I noticed that she would get excited when I would come out to check on everyone, and it never occurred to me that she was staying agitated like that all the time. I also noticed she hasn't been eating all of her grain, and she has become more and more easily agitated during other activities. All of this has been brought to my attention by a horrible misunderstanding Sam and I had earlier in the week. As it has been my habit to pet, and give friendly scratches while Sam finishes her supper I took my normal place beside her in the stall. Only this time I had closed the stall door. Up until now I hadn't closed the door as you never know what a horse that you don't know well will do in a confined space; but for as long as she has been here and not shown any aggression, I really didn't believe it would be a problem. I was steadily scratching her withers when she became nervous and walked away from her bucket. Thinking that a fly was bothering her I stepped to he wall to give her room. Suddenly the last thing I ever expected happen. Sam lashed out with no obvious warning with both back feet. She connected not once but three times on my way to the door. As I opened the stall door and swung out she ran past me and found the first dusty place she could to drop and roll.

After nursing my wounds, and putting serious thought into the events of the day, I decided an experiment was in order. The next afternoon I again approached Sam in her stall. This time with help of course, and stood in her open door while she was eating. This did not seem to bother her at all if any, but the moment I slid the door shut she was clearly upset. She left her bucket and circled. It was almost like I had her cornered. I slid the door open again and she began to relax just enough for me to realize that she was afraid.

What has she endured? Why do people make horses suffer? Why when they trust us, forgive us, and do what we ask do people still mistreat, starve, and break their minds? It is beyond me. I can say this without reservation. I am so blessed to have Sam, and I will stand by her until she heals from the wounds that I can not see, until she has grown into the horse she was destined to be. And that is a promise. She may never know how deep the devotion goes, but she will never be hungry, she will never be mistreated again. Now she just has to believe.

Monday, July 7, 2008

Sammy Has Friends...

Over the last few weeks I have been keeping a different horse in the small pasture with Sammy. This was in an effort to make her transition into the herd easier when the time came. During these weeks we have had some heart touching moments like Rusty resting his neck over Sam for a nap in the shade. Some down right funny moments, and moments of total disbelief.

Some of the funnier moments have been watching Sam's excitement at a new horse for her to get to know. She earnestly wants to be part of the herd so when a new horse is introduced to her she runs to meet them; eager to exchange greetings. This has provided us with one of the biggest laughs. Tanner, my daughters QH, had his turn in the small lot. He went out to check the gate and when he returned to the barn area, I opened Sam's stall door. She excitedly ran out to greet Tanner, her new friend, and his ears came forward. His head perked, and eyes got bright. I thought to myself, wow he is really going to be nice to her, HA! Tanner went directly for her as though he was going to greet her. It was one of those movie moments with two long lost loves are running open armed toward each other for an embrace. But at the last moment Tanner sidestepped, with his ears still perked and bright eyed, he headed straight for her HAY. Past Sam who has stopped and is looking over her shoulder at Tanners butt, and now is wearing a seriously confused look wondering what has happened. Tanner, well, he just digs in to her hay rack, and she stands in obvious disappointment. I had to laugh, it was way to funny for words; but Sam as always took it all in stride. She joined him for the feast.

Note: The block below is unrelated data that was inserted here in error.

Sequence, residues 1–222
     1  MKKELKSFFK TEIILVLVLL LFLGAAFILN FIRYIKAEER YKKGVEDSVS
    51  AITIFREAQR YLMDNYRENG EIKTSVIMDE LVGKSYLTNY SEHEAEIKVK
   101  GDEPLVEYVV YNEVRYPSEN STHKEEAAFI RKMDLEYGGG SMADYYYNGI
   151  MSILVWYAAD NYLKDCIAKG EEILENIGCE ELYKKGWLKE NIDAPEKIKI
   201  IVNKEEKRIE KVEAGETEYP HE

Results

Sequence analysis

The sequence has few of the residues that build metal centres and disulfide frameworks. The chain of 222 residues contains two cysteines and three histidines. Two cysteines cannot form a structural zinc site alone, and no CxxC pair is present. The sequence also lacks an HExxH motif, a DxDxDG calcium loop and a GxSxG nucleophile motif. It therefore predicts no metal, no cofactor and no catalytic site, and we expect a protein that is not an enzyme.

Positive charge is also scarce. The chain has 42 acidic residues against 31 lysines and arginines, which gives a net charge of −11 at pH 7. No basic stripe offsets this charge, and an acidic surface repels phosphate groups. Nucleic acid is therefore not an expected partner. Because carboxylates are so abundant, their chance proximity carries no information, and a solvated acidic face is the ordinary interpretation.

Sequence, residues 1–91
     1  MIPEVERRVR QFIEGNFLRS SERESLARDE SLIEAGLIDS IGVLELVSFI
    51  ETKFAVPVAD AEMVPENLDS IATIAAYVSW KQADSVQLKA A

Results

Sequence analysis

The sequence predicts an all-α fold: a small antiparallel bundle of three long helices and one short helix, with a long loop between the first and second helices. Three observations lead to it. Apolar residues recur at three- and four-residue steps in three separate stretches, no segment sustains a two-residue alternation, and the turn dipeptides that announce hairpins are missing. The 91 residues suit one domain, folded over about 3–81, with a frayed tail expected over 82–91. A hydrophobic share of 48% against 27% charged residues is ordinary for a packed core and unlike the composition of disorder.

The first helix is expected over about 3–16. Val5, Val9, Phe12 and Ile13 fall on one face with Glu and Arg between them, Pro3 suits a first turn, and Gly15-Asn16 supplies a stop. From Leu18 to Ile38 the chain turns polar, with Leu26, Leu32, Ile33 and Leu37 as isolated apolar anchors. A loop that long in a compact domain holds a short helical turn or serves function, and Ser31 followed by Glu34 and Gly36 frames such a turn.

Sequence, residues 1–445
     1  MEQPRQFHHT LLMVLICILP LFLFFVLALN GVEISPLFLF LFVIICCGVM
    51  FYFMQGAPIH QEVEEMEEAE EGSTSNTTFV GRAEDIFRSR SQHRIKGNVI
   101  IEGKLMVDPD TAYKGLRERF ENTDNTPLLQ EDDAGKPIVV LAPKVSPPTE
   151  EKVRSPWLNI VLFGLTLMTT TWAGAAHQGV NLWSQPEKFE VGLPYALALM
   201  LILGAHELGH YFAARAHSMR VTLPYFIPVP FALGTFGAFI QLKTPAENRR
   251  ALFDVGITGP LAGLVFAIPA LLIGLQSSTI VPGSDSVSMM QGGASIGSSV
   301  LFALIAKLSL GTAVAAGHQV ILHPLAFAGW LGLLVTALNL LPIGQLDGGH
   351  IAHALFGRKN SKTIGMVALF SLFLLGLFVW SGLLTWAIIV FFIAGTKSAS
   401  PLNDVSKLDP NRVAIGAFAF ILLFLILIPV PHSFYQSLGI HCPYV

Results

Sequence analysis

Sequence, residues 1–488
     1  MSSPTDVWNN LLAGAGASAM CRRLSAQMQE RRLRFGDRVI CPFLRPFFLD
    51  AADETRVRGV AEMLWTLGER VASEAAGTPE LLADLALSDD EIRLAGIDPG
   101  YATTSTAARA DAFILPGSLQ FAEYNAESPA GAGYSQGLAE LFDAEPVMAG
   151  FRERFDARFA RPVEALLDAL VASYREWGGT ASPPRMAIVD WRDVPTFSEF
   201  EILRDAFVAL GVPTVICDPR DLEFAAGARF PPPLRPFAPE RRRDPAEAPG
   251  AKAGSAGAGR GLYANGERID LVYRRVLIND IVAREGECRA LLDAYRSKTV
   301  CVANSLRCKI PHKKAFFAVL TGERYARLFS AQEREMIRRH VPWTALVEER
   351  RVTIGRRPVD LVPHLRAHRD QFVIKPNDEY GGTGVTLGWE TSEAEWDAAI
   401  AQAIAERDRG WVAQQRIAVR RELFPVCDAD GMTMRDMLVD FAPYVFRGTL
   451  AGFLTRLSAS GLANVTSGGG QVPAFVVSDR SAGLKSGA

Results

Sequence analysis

Finally the time has come for Sam to join the herd. I didn't make the decision however, it was made by Sam herself. I being the "all knowing human" thought I would know the perfect time for her to join, but apparently I was being too cautious and taking to long to make my move. The normal routine is we feed Sam and while she is in her stall the other horses come and go out of the big barn via the small pasture. Sam has become wise to this and decide the only way she would ever get to go out there was to boycott her stall. After several increasingly difficult attempts to get Sam to go eat, I realized what she was telling me. It is "TIME" mom! So, I held my breath, put up the two most aggressive horses, and turned her out with Rusty, Tanner, Bonnie, Moon, and Magic. They accepted her with very little reaction at all. Tanner quickly showed her to her place and the grazing began. After I was sure there were not going to be fireworks, I turned out Trace with the same reaction as before; and then last but not least Misty. Misty is if you remember Sam's Dam. She has not been the most welcoming member of our herd. There were no fireworks for this Independence day, just lots of grass, and some new friends.

It is good to see the excitement Sam exhibits. It is obvious she is happy, when you look out into the big green field to see her running, bucking, and rearing with her new friends. She isn't of course in a field of old horses. They are all ranging in age from 3 to 10 except for Misty who is 24. There is lots of playful energy for her and really this time, she was right. It was time to join the herd. Her human mom was being over protective.

Sam has come so far. She is gaining confidence, and her personality is shining. I am such a blessed and fortunate person to have all of these wonderful horses in my life. With all the trials we as people endure it is us who are the lucky ones to have the love of a horse.

Saturday, July 5, 2008

The Trim...

Sam's feet were in better shape than I expected them to be. I don't know if they have ever been trimmed or not but were not horrible. The heel was long and the toe was short, she walks a little post legged but I know it will be better.